John Hamilton

Adam Pinsker / WFIU/WTIU News

The City of Bloomington announced Tuesday it will reopen the Community Farmers' Market this weekend, after a two-week suspension due to threats of violence and amid weeks of unrest over a vendor with alleged ties to a white supremacist group.

In a news release, the city says the market will include some new safety measures, including security cameras, increased presence of police and other public safety officials, "market ambassadors" and clearly marked flyering and expression areas. 

Courtesy City of Bloomington Facebook Page

Bloomington’s mayor says the city is considering several options when it comes to addressing rising tensions at the farmers’ market over the presence of a vendor with alleged white supremacist ties, but he didn’t mention any specifics. 

The city won’t announce plans for reopening the farmers’ market after a two-week suspension until Tuesday, but did take questions about the market during a Facebook discussion.

Courtesy of No Space for Hate Bloomington / Facebook

The Bloomington Police Department is investigating after they say residents found neighborhood watch flyers claiming to be from the Ku Klux Klan on Monday. Captain Ryan Pedigo says they received 10 reports of flyers being located in the city so far.

The flyers include the image of a hooded figure and say, “Do your part to keep white communities safe and report suspicious activity. You can sleep tonight knowing the Klan is awake.”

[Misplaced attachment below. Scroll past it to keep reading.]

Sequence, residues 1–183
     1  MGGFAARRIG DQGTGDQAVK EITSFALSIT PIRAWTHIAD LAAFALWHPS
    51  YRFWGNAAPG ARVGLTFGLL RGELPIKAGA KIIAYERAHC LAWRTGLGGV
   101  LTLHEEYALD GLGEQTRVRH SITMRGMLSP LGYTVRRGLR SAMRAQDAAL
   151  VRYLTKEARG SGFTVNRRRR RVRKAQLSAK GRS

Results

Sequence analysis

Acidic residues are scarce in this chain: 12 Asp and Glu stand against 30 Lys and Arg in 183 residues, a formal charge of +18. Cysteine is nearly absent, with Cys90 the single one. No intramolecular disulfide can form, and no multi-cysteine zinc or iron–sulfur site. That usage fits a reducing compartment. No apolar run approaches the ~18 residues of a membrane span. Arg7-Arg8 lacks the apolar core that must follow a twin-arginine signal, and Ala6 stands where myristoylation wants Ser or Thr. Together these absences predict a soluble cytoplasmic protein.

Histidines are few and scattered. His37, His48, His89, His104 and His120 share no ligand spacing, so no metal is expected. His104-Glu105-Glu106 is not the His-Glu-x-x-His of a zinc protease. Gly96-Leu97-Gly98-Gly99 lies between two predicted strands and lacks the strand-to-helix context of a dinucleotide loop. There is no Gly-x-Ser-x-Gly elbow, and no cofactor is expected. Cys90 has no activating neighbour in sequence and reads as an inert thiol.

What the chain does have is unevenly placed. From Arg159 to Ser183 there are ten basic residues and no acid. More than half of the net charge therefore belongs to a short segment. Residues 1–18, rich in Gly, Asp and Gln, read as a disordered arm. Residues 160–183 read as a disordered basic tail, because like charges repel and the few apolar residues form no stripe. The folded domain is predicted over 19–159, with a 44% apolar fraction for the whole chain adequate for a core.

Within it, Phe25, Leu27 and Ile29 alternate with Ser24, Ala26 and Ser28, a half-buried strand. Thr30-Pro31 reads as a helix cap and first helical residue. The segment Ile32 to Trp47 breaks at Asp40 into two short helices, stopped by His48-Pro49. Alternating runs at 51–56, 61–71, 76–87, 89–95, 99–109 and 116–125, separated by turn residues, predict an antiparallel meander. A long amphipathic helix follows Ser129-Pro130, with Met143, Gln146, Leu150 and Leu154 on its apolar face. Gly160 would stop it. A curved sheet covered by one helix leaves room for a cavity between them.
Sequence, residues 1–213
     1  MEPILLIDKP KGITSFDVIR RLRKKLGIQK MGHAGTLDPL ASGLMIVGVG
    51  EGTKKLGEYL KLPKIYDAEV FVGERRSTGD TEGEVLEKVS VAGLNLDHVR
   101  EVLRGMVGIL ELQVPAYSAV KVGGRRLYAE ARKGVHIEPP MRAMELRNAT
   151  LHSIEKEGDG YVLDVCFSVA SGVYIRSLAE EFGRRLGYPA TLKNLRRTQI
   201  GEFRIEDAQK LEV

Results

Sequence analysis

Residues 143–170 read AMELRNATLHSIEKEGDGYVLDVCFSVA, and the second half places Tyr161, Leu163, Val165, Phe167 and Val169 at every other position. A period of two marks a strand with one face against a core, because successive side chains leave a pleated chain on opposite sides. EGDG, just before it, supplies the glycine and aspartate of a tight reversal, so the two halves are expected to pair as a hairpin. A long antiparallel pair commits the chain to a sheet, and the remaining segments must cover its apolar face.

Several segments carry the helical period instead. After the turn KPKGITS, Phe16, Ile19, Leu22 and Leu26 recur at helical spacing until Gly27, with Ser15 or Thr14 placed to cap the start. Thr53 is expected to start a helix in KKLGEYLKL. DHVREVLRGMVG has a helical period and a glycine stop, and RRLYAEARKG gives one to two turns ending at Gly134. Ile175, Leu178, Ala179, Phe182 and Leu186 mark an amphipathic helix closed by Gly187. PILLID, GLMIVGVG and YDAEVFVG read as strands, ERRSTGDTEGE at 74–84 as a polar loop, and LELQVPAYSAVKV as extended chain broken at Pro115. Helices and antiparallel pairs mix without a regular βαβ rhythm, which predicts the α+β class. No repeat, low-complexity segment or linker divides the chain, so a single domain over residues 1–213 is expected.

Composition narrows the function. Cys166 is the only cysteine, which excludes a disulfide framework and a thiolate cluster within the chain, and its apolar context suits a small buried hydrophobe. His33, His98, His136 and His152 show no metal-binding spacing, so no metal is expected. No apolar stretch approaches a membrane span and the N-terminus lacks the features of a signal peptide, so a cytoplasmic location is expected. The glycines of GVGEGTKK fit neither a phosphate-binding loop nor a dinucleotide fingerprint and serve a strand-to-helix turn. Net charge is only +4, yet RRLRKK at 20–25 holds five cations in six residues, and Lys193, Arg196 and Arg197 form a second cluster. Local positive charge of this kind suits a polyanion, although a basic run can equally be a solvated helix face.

Police say they are investigating who is responsible for the flyers and whether they are affiliated with the KKK.

Adam Pinsker / WFIU/WTIU News

Bloomington Mayor John Hamilton defended his decision to cancel the city-run farmers’ market on August 3 and August 10 during a public press conference at City Hall Wednesday.

The mayor made the decision after a tense confrontation near an alleged white supremacist’s booth at the market led to the arrest of a protestor.

Courtesy Dina Okamoto

The City of Bloomington is suspending the Community Farmer's Market for two weeks citing a concern for public safety after recent protests and an arrest over suspected ties between a market vendor and a white nationalist group. 

A Monday press release says the city has identified "increasing threats to public safety."

Conservative Groups Hope To Use RFRA To Quash Four Cities' LGBT Protections

Feb 3, 2016
Joseph Hren / WFIU

Four Indiana cities are facing a lawsuit challenging LGBT protections in their human rights ordinances.

The complaint alleges the local laws in Bloomington, Columbus, Indianapolis and Carmel violate the Religious Freedom Restoration Act lawmakers passed last year.

Columbus Mayor Jim Lienhoop says the city stands behind its human rights ordinance.  

“The people that are suing us, they didn’t tell us, they told the newspaper, so I think it gives you a little bit of insight of what their motives are, but nonetheless, we intend to defend ourselves,” Lienhoop says.